Sunday, February 23, 2014
As many of you know, I am writing my first novel (working title: Madison's Avenue).
A few months ago, I finished the first draft and I am now editing. I deleted Chapter One and most of Chapter Two.
Since it is no longer in the book, not even incorporated into back story, I thought I would tease my faithful followers with an excerpt.
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Madison's Avenue (deleted excerpt)
“She’s asking for you, Miss Fields.”
Madison didn’t look up, but continued to stare down at her coffee. At least that’s what the vending machine said it was. It tasted more like dishwater. Looked like it, too.
It was a far cry from her usual vanilla latte.
A thin scum of artificial creamer floated on the gray liquid, creating an impenetrable barrier, as if it were protecting the coffee from consumption. No need to worry about that, she thought with a snort.
Madison turned her head. A young woman in pink scrubs, her hair tied back in a swinging golden tail, smiled in encouragement.
“You should go see her.” The nurse gestured to the room behind her. The young woman walked away, her rubber-soled shoes making a soft shooshing sound on the terrazzo floor.
Madison scrubbed her hands over her face, pushed manicured fingers through her wild mane and let the dark curls fall back around her shoulders. She sucked in a deep breath, let it out in a rush, and practiced a smile.
It felt fake. Nana would see right through it. She always did. It wasn’t easy to pull one over on the old broad.
Madison smiled then; something she hadn’t done for many days now. Old broad, she thought. Nana would appreciate that, would even laugh. God it would be great to hear her laugh again.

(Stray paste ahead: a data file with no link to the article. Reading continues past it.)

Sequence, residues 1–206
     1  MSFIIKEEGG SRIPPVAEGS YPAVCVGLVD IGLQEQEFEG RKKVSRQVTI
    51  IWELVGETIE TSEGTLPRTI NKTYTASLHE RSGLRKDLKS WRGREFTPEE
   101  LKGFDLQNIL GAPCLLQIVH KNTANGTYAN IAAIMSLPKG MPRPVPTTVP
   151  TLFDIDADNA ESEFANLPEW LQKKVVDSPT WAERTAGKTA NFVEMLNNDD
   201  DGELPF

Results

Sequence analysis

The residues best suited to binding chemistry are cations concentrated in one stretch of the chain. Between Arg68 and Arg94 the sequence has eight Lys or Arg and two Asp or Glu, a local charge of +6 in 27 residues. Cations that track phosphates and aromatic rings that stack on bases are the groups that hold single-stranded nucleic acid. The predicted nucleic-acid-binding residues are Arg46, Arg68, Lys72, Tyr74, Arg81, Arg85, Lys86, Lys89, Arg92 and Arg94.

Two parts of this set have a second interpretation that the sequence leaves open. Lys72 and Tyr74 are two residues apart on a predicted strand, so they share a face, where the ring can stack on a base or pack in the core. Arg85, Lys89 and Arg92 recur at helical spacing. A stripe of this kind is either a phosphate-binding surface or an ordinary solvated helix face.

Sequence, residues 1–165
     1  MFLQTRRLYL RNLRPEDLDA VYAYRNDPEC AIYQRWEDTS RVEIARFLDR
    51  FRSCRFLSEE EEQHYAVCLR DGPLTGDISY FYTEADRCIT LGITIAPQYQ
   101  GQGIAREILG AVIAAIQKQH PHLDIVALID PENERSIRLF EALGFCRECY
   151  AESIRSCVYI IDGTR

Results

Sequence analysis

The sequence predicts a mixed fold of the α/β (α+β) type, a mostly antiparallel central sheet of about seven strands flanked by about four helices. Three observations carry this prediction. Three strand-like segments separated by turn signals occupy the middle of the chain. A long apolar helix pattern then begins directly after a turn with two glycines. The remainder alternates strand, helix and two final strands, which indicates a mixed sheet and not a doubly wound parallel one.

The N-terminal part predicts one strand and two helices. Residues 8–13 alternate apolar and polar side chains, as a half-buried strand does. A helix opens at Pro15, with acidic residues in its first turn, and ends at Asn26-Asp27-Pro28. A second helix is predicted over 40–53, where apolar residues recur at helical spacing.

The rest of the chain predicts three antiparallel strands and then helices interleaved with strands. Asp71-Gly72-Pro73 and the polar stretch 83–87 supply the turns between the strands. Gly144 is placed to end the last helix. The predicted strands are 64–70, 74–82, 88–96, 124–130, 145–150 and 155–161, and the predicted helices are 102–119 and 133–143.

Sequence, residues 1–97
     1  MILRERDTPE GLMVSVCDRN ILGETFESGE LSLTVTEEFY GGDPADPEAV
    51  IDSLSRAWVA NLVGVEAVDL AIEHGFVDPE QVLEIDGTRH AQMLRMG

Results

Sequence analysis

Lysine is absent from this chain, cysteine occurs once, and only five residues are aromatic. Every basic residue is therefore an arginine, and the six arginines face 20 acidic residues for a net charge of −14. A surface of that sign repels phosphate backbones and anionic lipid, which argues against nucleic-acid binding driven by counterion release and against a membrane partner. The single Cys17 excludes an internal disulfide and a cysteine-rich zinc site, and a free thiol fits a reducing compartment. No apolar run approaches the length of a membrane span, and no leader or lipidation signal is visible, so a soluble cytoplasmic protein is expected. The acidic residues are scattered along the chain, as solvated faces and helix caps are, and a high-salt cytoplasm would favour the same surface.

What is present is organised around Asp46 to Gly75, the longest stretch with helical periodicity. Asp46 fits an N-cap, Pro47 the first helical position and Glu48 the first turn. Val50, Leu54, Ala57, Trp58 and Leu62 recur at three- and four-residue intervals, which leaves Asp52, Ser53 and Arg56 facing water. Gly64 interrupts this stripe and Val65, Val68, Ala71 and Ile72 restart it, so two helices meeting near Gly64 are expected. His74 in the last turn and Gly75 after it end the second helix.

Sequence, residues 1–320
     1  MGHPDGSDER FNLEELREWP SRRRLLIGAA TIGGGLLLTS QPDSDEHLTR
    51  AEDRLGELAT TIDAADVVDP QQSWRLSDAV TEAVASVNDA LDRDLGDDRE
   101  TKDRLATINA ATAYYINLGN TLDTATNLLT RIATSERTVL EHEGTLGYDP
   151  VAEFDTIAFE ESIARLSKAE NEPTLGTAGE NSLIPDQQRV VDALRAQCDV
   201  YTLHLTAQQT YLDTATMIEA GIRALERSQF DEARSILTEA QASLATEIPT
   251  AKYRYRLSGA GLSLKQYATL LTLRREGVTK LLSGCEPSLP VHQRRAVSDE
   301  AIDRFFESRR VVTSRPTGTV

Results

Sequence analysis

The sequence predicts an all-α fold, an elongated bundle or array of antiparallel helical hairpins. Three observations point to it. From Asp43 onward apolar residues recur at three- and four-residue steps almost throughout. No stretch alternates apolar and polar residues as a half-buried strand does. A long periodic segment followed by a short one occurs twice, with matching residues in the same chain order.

Madison walked over to her grandmother’s room, hesitated outside the door. She brushed her hands over her tailored suit, smoothed away non-existent wrinkles.
It was amazing how much things had changed in just a few weeks.
“Game face,” she muttered and pushed through the door, forced her lips to curve in what she hoped was a convincing smile.
The frail woman that lay in the bed was not the one she remembered; definitely not the one that had raised her. Regina Fields was a strong, formidable woman who lived life with a passion that left many half her age weary just watching; miles away from the thin facsimile who was losing a vicious battle against cancer.
“There’s nothing more we can do,” the doctor had said when Madison sat with him in his office. “It’s aggressive and has spread beyond what we can control. All we can do is make her comfortable.”
She had stared over the doctor’s head, at the framed diplomas that covered the walls. All those degrees, and there was nothing he could do.
“How long?” She remembered her voice had sounded tinny.
“A few months.”
A few months. Well, Madison thought, as she stepped into her grandmother’s room, he was right about that.